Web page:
Lessons from the Sundance Chosen Few: Part Five

February 7th, 2017 Jump to Comment Section
Lessons from the Sundance Chosen Few: Part Five

The “Lessons from Sundance” series will aim to capture kernels of wisdom from the producers, directors, cinematographers and panelists presenting here at Sundance. If you couldn’t be in Utah to enjoy the treasure trove of films, at least you can learn a little from the folks that got them there. In this lesson, we pull from three decorated documentary directors.  

Image courtesy of Graham Sheldon.

Lucy Walker

Oscar Nominated Director known for The Tsunami and the Cherry Blossom, The Lion’s Mouth Opens, and Wasteland. 

Takeaway:  “Don’t let the material get ahead of you.”

“I don’t know anything about my subjects before I begin really, I just know that I have to drop everything and learn more”. The approaches to creating a documentary are as varied as the narratives in the non-fiction landscape. We know the fighting stance: camera in hand, batteries charged, lens wipes and NDs ready to run and gun. With the standard for spontaneity in documentary, there can be a certain amount of pressure from investors or elsewhere to do as much research as possible.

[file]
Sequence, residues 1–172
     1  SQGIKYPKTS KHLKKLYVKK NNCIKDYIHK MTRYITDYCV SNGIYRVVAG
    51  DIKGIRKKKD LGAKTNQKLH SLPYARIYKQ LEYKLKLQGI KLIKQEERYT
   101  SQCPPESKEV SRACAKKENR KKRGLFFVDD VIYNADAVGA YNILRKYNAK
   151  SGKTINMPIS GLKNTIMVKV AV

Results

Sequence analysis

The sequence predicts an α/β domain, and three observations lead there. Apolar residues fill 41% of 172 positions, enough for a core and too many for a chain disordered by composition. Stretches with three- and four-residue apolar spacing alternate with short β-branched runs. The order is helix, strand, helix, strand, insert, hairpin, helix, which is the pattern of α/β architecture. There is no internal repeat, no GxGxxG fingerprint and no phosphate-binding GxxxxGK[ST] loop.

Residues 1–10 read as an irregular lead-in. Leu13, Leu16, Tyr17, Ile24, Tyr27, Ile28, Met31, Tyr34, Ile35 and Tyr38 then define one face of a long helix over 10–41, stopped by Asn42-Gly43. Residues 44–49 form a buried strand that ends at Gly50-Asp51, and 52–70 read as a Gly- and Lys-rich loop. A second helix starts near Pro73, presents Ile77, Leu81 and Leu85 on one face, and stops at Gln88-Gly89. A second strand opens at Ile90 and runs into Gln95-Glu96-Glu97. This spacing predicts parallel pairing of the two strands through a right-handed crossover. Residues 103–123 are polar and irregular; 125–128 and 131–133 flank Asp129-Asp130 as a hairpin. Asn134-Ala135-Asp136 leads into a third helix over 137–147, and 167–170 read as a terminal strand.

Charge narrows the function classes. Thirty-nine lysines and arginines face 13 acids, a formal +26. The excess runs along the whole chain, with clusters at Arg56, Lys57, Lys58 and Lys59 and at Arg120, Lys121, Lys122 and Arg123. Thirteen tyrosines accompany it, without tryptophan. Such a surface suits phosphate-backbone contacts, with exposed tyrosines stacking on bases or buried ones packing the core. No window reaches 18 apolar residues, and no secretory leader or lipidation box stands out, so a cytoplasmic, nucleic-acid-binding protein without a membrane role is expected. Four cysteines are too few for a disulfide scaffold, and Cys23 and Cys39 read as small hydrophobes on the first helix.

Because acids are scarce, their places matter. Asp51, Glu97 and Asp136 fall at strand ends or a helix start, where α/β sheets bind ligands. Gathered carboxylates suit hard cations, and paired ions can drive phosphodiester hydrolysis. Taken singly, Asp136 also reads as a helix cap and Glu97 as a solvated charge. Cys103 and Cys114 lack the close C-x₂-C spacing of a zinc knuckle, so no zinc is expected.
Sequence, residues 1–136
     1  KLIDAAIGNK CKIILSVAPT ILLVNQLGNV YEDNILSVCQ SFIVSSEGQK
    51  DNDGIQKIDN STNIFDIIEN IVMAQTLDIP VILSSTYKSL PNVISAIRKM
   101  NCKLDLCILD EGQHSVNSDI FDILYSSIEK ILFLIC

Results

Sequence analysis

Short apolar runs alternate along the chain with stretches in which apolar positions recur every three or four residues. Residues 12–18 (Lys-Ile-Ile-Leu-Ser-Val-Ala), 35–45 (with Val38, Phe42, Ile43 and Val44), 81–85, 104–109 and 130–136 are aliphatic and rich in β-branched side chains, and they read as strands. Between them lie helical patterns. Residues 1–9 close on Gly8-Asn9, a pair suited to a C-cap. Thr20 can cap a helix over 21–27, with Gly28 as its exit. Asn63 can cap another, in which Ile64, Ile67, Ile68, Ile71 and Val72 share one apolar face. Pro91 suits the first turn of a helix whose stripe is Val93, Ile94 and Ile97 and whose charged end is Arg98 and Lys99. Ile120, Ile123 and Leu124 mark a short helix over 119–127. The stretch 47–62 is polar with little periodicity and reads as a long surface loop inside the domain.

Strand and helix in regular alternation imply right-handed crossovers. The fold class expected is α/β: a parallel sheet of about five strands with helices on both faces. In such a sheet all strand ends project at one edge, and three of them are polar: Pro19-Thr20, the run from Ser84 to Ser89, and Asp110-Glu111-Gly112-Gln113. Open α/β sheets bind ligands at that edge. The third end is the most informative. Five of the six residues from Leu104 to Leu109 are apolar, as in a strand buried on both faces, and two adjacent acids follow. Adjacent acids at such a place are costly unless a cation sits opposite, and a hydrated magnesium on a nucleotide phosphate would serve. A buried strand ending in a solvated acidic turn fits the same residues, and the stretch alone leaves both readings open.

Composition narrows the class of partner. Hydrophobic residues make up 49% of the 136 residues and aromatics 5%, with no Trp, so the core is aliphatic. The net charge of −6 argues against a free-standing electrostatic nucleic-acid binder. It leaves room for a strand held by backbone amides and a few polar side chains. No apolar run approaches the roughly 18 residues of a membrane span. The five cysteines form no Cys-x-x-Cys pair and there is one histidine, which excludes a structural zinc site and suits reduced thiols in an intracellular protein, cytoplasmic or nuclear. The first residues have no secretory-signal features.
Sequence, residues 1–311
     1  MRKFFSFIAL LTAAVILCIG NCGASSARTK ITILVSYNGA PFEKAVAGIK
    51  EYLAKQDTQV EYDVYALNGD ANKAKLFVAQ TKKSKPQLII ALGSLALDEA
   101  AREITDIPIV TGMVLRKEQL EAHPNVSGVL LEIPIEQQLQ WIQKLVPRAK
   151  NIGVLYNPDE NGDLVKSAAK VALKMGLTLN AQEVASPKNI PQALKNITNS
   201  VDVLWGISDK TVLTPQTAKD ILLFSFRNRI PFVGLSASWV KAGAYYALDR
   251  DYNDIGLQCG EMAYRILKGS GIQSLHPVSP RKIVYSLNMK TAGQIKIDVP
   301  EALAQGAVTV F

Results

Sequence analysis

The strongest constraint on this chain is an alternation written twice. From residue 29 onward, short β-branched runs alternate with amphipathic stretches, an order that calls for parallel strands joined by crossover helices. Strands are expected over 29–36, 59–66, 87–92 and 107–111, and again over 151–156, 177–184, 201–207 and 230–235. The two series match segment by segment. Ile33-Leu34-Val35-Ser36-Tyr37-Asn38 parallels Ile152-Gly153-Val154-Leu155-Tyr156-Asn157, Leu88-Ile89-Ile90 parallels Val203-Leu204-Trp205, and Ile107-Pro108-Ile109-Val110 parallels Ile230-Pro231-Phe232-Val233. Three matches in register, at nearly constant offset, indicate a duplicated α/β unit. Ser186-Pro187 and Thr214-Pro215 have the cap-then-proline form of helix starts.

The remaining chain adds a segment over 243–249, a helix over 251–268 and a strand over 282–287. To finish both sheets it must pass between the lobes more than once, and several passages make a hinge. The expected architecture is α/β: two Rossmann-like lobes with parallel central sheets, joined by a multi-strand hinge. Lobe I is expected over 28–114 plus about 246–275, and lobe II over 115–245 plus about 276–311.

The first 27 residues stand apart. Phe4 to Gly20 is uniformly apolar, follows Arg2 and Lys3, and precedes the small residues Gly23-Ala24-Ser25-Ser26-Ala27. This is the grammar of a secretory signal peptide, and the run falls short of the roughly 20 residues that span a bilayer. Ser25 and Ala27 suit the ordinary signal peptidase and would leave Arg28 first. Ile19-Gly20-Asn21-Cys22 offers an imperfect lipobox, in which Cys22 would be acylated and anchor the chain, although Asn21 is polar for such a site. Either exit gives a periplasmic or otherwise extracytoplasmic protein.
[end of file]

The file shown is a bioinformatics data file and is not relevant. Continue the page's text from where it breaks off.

Walker finds it helpful to uncover as much as possible in production. Obviously, this pertains to the content that will become the ingredients for your edit, not the logistics of your shooting, such as permitting, clearance and safety that are still necessary legwork of preproduction. “There are so many variables: what we can film, what we can’t, what people have said before, what people haven’t, what we understand, and what we don’t”. Coming in with insatiable intrigue but general ignorance allows a presence of mind that aids in discovering the story in its current context and in avoidance of telling the story that has already been told.

Director Lucy Walker at Filmmaker’s Lodge during the Are We All the Other Panel- Image courtesy of Stand Up 8 Productions